If you have the space, colony-style housing is another option.  The rabbits all live together in a natural setting, with or without a buck.  There are many building plans to choose from for this option and can be tailored to fit each person’s space and needs.  Proponents of this style of housing like that the rabbits are raised in a more natural setting and the convenience of being able to select a rabbit from within the colony to butcher as they need meat; however, there are some drawbacks.

If bucks are housed in the colony with the does, the does can be overbred and never get a rest between litters.  Does have also been known to kill other litters, can be very territorial, and there is some research to show overall production decreases.  Unlike mice and rats, does do not share mothering between litters.  Each doe typically cares for her litter only and will sometimes kill off other litters.  Over time, it’s also possible that an alpha doe will emerge, thus reducing the fertility of the other does or the viability of their offspring.  If the buck is housed with the does, it also becomes more difficult to determine lineage and reduce inbreeding.  Rabbits raised on the ground are also more susceptible to parasites and disease.

Special note: Angora rabbits should not be raised in colony settings.  Selective breeding has produced an Angora rabbit with fiber much longer than its wild, Turkish cousins.  These rabbits are no longer able to live in a natural setting without tremendous amounts of care.



The most convenient method of feeding is a commercially produced pelleted rabbit feed.  The breeds listed above need about 4-6 ounces of pellets a day.  One should feed in the evening since rabbits are most active at night, but anytime of day is fine as long as it’s consistent.  Pelleted feed contains all the nutrients, fiber, and salt a rabbit needs and salt spools and hay are unnecessary (except in the case of Angoras because of the wool block mentioned above).  Lactating does and growing kits need more feed.  Once kits start leaving the nest box, free choice feed should be offered to keep up with their rapid growth demands.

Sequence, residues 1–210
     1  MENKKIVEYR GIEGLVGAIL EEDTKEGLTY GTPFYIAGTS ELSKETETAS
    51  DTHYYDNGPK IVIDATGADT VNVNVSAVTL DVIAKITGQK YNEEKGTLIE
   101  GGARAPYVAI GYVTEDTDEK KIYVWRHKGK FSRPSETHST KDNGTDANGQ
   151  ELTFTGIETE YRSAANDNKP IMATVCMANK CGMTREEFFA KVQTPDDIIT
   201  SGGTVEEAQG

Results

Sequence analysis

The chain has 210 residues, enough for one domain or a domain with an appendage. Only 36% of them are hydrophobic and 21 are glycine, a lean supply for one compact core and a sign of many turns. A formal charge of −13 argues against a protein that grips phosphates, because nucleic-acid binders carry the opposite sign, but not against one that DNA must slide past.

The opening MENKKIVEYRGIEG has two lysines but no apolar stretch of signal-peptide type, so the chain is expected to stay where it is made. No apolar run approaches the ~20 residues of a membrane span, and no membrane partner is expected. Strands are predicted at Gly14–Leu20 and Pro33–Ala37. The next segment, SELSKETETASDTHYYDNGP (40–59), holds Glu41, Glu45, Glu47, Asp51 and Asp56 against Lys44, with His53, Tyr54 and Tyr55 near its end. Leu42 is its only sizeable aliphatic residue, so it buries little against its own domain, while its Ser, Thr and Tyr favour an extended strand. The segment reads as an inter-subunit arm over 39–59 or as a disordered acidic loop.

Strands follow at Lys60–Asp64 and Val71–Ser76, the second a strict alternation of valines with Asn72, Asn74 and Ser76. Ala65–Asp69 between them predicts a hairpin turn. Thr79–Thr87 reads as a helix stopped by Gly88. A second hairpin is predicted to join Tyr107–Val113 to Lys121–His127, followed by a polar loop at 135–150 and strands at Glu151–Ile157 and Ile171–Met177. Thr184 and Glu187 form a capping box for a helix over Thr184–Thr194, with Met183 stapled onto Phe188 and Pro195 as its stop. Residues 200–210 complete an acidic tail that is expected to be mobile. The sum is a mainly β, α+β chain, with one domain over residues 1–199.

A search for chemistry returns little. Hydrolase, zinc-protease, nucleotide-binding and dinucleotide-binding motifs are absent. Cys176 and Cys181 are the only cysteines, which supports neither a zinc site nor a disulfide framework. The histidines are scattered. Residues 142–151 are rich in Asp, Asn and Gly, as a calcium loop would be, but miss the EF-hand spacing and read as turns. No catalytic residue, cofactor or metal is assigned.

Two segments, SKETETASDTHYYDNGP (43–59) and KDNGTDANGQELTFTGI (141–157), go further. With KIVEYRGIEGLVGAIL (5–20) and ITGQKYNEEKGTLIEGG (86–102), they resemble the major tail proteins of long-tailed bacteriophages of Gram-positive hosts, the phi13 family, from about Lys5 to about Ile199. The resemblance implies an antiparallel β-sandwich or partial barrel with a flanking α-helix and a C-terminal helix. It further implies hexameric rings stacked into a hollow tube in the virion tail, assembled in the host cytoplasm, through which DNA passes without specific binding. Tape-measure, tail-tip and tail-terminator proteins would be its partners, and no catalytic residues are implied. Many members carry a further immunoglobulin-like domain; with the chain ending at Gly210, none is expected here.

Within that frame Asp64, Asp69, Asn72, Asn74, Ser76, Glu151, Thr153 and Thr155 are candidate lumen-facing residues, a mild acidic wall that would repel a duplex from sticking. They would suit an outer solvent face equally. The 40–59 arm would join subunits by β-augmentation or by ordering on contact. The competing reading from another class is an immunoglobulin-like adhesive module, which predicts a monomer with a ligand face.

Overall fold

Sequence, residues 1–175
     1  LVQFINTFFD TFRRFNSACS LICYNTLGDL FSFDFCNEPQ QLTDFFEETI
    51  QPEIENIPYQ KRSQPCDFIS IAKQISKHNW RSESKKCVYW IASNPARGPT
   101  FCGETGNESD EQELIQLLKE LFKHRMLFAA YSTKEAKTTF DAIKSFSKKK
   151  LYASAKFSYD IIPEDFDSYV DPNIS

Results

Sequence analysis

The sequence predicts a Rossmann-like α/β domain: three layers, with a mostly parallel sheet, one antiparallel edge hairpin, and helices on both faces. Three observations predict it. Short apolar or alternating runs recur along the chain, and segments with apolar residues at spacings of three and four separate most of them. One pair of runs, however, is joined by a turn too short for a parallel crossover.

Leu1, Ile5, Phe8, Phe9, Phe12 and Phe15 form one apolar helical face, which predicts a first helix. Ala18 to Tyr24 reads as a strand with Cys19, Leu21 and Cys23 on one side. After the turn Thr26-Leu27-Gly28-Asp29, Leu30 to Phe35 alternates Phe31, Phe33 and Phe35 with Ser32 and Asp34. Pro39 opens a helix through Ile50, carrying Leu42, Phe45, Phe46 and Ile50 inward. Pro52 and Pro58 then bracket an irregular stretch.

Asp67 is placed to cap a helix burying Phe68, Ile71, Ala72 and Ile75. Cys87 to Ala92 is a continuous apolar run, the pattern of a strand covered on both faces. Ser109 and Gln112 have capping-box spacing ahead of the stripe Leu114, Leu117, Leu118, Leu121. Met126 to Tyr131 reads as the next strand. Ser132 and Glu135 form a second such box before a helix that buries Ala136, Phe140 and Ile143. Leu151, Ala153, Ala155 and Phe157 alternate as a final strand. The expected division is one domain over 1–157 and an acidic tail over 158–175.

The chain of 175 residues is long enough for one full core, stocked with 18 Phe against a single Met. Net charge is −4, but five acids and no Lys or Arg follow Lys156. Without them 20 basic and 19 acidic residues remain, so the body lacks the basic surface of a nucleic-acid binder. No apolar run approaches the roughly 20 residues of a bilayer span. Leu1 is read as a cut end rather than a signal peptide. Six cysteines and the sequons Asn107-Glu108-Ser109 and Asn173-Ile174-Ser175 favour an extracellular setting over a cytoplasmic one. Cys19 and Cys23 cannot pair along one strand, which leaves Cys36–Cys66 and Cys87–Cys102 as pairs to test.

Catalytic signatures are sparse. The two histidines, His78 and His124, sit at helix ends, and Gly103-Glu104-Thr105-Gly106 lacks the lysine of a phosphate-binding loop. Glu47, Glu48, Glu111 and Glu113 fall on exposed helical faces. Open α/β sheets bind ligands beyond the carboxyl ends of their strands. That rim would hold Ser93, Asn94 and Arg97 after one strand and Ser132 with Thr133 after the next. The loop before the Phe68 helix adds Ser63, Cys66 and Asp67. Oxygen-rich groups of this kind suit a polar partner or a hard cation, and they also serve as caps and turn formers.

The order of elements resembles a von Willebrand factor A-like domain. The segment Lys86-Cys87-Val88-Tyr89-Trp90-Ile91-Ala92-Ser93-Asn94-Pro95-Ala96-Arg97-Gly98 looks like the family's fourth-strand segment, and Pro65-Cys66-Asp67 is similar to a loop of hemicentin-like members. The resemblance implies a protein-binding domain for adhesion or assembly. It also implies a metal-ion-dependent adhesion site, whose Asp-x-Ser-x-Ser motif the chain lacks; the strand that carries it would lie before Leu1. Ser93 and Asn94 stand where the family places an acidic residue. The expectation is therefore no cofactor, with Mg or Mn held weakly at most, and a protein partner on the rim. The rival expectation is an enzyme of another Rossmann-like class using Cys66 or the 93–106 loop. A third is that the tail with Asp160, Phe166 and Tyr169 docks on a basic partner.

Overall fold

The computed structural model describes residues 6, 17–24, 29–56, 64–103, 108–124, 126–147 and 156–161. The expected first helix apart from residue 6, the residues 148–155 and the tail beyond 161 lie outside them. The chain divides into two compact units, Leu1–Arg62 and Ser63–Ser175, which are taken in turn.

Another option for feed is to grow your own sprouted fodder.  Sprouted fodder is an excellent food choice, but does require the right temperature (not too hot, not too cold) and access to a supply of seeds.  There are a wide range of plants that rabbits can eat, even sprouted, but the most popular sprouted fodder is barley seeds.  It is critically important when feeding fodder that it be free of mold and other contaminants.

Regardless of your food choice, both meat and fiber rabbits require a 16-18% protein to insure proper growth and wool production.  One can also do a combination of pellets and fodder, or even garden trimmings as long as the diet remains consistent.  Rabbits are extremely susceptible to gastroenteritis, so it’s very important that any changes to their diet are made gradually.  Introduce new foods in very small amounts over several days until their gut is able to adjust.

By careful planning and selection, one can easily add a healthy meat source to any living situation.  Next, we’ll discuss breeding your newly acquired stock.  Stay tuned!

Ruby is a first generation Californian who grew up in the heart of the Central San Joaquin Valley farming community. She’s been involved in agriculture for 40 years and learned to preserve food, traditional home arts, to hunt and fish, raise livestock and garden from her Ozark native mother.

This information has been made available by Ready Nutrition

Originally published September 3rd, 2015